Parents, public missing from Roslyn Board of Education meetings

Parents, public missing from Roslyn Board of Education meetings
Amin Daneshmandnia

The quintessential purpose and structure of the school board are deeply embedded in the American public school system. Long Island is no exception, considering our reputation for the Ivy League acceptance rate of students.

However, this year marks a drastic shift of college acceptances from Long Island, to being more distributed elsewhere. It is imperative to keep in mind that Long Island is known for its high rankings.

For example, at one point the Wall Street Journal placed Roslyn as sixth in the entire nation. Others on Long Island too have an amazing reputation with rankings.

Indeed, Roslyn does garner a magnificent reputation, considering the research program, AP scores, and even admissions to other reputable universities. However, one concern still lingers throughout Long Island:  the public’s minimal attendance at school board meetings.

The Roslyn Board of Education schedules meetings twice a month, where the public is supposed to attend to engage with the school administered. Supposed is a strong word, considering public turnout is rare and minimal compared to other school boards.

I recently attended one, as I was the only member of the public. It is important to keep in mind that in this specific case, Roslyn, as well as other districts, has a growing Hispanic population.

Unfortunately, this can allow for language barriers, which in turn can cause discouragement.

As a community, we should make it our duty to participate in our children’s education, even if it means attending a two-hour meeting twice a month. Perhaps, one source of motivation could be the tax rate that many long islanders are familiar with.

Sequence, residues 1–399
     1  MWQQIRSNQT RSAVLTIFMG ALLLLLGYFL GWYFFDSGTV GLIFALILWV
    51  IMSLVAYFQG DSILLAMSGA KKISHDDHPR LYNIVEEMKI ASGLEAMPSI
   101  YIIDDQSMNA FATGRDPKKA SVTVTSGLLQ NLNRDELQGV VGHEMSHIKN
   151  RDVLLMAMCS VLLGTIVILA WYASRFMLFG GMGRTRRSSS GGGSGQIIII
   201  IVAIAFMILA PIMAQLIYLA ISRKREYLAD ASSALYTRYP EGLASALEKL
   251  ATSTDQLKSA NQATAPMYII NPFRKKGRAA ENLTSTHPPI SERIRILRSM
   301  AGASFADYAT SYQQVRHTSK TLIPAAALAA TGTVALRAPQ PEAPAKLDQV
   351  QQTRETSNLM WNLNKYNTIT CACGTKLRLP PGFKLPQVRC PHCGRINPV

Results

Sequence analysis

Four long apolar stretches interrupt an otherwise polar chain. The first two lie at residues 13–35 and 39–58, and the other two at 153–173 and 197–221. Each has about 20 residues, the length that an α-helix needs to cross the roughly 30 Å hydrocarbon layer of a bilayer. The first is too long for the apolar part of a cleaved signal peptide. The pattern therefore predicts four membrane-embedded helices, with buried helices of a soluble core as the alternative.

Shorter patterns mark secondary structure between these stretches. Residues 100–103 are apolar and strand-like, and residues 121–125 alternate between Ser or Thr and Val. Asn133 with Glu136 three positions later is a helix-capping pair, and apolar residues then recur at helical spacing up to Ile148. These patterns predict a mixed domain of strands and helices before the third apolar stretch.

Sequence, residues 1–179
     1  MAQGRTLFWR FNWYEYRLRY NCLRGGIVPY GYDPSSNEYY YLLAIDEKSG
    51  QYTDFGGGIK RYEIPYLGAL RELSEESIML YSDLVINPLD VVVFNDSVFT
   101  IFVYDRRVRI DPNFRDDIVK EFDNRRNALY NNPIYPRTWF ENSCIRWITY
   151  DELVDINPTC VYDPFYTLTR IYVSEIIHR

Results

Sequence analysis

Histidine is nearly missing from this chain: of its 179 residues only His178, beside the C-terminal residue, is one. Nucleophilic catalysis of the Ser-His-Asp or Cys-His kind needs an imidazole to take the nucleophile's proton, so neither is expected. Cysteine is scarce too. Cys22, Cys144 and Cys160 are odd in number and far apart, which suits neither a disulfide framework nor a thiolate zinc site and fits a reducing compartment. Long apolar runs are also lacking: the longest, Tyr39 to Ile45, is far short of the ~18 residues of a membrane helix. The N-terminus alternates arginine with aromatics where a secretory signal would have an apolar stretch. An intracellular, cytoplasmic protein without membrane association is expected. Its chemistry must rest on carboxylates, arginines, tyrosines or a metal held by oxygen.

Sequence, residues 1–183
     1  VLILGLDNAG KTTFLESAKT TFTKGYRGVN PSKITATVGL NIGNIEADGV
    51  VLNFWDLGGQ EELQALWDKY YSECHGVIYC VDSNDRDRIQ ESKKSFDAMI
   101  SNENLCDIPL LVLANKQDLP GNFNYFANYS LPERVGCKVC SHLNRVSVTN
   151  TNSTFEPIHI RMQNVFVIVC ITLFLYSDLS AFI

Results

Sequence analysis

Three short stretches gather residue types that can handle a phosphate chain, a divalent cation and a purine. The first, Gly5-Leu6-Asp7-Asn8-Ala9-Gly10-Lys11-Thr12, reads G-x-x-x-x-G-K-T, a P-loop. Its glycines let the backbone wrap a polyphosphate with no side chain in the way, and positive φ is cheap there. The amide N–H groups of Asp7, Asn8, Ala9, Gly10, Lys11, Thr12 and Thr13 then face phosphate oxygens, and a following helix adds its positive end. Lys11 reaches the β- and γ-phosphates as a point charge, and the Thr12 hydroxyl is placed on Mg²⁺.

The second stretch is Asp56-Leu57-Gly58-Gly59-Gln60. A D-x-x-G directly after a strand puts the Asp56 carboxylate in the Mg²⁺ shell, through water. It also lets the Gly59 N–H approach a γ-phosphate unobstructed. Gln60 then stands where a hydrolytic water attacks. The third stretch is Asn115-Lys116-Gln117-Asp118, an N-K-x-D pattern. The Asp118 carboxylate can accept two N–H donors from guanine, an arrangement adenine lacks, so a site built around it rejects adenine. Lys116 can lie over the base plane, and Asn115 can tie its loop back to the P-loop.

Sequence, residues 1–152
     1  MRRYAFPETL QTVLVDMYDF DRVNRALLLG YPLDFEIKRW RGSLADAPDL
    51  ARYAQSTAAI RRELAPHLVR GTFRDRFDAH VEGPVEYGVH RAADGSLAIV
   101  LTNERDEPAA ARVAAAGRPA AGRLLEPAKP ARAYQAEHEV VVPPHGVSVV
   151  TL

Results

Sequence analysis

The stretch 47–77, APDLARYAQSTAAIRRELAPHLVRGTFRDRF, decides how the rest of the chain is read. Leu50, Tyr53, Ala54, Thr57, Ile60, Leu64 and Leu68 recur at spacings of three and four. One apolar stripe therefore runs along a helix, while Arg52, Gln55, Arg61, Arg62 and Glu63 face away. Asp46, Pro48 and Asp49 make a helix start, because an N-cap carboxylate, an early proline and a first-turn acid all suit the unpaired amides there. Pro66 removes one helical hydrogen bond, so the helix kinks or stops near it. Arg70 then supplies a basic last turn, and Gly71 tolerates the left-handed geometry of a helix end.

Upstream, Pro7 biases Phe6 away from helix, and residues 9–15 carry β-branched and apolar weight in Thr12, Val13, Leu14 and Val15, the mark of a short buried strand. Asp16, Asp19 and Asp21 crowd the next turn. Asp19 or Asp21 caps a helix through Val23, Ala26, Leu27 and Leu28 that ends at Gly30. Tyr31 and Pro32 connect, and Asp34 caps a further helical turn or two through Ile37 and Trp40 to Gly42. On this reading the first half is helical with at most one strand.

Furthermore, each meeting should feature a vast array of the public, with diverse opinions to provide insight to board members from many angles.

Rarely, this may lead to tensions boiling over such as the fiasco that occurred at Syosset weeks earlier.

Despite that, I’m confident that our amazing community with dedicated board members can overlook social issues and foreign policy, and instead work on having adequate dialogue.

If we look at it from a psychological point of view, a large public attendance would give board members confidence that their electorate is actively engaged with the legislation the board makes.

In turn, the electorate(public), would have immersed confidence that their concerns are being properly addressed by the candidates they have elected and entrusted. A foundation of trust enhances a simulation, that thrives on public engagement and involvement.

It also may force board members to develop articulate arguments and opinions, and thus they would stop voting mostly unanimously.

I am optimistic that despite these lowered college acceptance rates Long Island is facing, we can turn it around as a community by properly setting our foot in our children’s education.

Amin Daneshmandnia is a student at Roslyn High School.


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